Let’s say that we think we want to use the ZMX 2205-2300
You need to find a chart of a given motor’s Volts/rpm/Watts to make proper decisions about whether or not a motor is a good choice for your mulitrotor build. Without the chart, you will really be shooting in the dark.
Use the chart in step 3 to pick a good stator size starting point, then find a motor that you think will work. Maybe you like the look of the ZMX Fusion Purple top 2205-2300kv motors. So let’s use them as an example.
Find the data
The ZMX Fusion 2205-2300kv has been tested in numerous places, and it’s data can be seen here: check out the miniquadtestbench.com for more data.
|Summary Data||full throttle||ZMX Fusion 2205-2300kv|
|100%||Thrust (g)||Current (A)||Voltage||High RPM Pass||Efficiency|
|Prop Tested:||Max(g)||Avg Max(g)*||Max (A)||Avg Max(A)*||Avg Min(V)*||Max(V)||Max||Min||Avg Max*||Watts||G/W|
|Diatone Ghost 5×3||953||938||78.10||16.90||15.22||16.58||34149||32590||33014||257||3.6|
Interpret the data
Looking at the data, we can see that this motor with the HQ5x4x3 averages 1151g, pulls 25.48A, and has an efficiency factor of 3.1
If we look at the same graph, but at 50% throttle, we see that the efficiency goes way up.
|50% ZMX Fusion 2205-2300kv||Thrust||RPMs||Amps||Volts||Watts||G/W|
|Diatone Ghost 5×3||336||19826||5.25||16.23||85||4.0|
Compare the options
lets look at the zmx fusion 2206-2300kv blue top motor for comparison.
|100% throttle ZMX Fusion 2206-2300kv||Thrust (g)||Current (A)||Voltage||High RPM Pass||Efficiency|
|Prop Tested:||Max(g)||Avg Max(g)*||Max (A)||Avg Max(A)*||Avg Min(V)*||Max(V)||Max||Min||Avg Max*||Watts||G/W|
Ok, same prop, generates 1308g of thrust, but it draws 30.44A. :(. The efficiency of this motor is also a little less than the purple top 2205 2300 KV.
Lets’s check it at 50% throttle.
|50% throttle ZMX Fusion 2206-2300kv||Thrust||RPMs||Amps||Volts||Watts||G/W|
So what can we learn from this? Using the same prop, the 2206 motor takes a lot more current at WOT because of the larger stator. It is also a power hungry motor at WOT, however, because the stator is larger, it will have more torque. At 50% throttle the motors both look good in terms of efficiency and power consumption.
Weight wise, the 2206 weighs 30.5g vs the 2205 at 27g.
How to choose?
Both motors will work, the 2206 are an amazing motor, and so are the 2205s, partially due to the strong magnets. The 2206 would be a better choice for pushing heavy props, but battery performance would be put to the test.
What it really comes down to is personal preference. I would run a gemfan bullnose with the 2206 because the efficiency approaches 3.3 and the current drops to around 26A at full throttle. This would give me the best option whilst still providing me with the greatest torque. However, If using hqprop 5x4x3, then the purple top 2205 is a much better choice.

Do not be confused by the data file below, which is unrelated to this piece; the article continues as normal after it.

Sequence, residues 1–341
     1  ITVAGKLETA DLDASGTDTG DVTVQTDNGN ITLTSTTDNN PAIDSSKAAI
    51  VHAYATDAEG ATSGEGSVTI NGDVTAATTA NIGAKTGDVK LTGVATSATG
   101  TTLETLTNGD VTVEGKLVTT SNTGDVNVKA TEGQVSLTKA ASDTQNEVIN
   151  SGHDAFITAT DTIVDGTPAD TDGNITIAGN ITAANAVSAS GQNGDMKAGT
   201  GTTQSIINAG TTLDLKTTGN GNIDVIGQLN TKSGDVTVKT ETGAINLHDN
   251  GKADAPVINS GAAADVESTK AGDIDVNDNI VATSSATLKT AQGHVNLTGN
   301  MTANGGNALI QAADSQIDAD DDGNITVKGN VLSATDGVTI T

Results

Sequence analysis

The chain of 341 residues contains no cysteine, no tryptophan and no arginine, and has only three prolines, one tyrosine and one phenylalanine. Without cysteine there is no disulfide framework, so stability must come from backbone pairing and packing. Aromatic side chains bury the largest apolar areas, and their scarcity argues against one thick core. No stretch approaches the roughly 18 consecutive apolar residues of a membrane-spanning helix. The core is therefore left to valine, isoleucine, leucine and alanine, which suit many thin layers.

Step 6- Size your ESCs
last, but not least, use the data that you find to make sure that you choose an ESC that can handle the current demand that your motor/prop combination will be requiring at WOT. Give yourself some room here- so if you are drawing 25A, choose a 30A esc, 18A, choose a 24A esc. Your ESCs will thank you!
CW vs. CCW motors:
Q: Do I need motors with opposite threads on my counter-clockwise spinning motors?
A: No- Clockwise with locknuts are fine.
Some motors are labeled as CW, and CCW. What this means is that the motor nut and shaft is either handed CW (right hand thread)or CCW (left hand thread) In the early days of using prop nuts, this was more important.
In our testing and experience, however, we have found that it is not necessary to use motors with different thread directions on racing drones and quadcopters. In theory, it makes sense to use a CCW motor on all of your right hand motors, but in practice, a locknut does a fine job of keeping your prop tight regardless of rotation.
We have even used locknuts on 3D setups without issue.
Counterclockwise vs clockwise propnuts for multi rotors make no difference. So why not use a motor that is cheaper, easier to produce, and easier to find replacement parts (CW motor) on all of you quads, instead of using CCW motors which complicate things?
There is a lot of hype that is influencing people to build quads using strange component combinations, and the best quad is one that uses components that are well engineered to work together. This is up to you, the builder to figure out.
Find the motor testing data, and let that guide you through the engineering process. Decide your frame type, prop size, flying style, and then use the data, your prop choice, and your personal preferences to determine the best motor for your build. If you still have questions, please post them at ask.quadquestions.com so that we can help you choose the best motor for your next multi-rotor build.
Remember, A good pnunomic to remember is Wept- the guys that followed the hype train and didn’t properly engineer their quads wept because they cooked their batteries.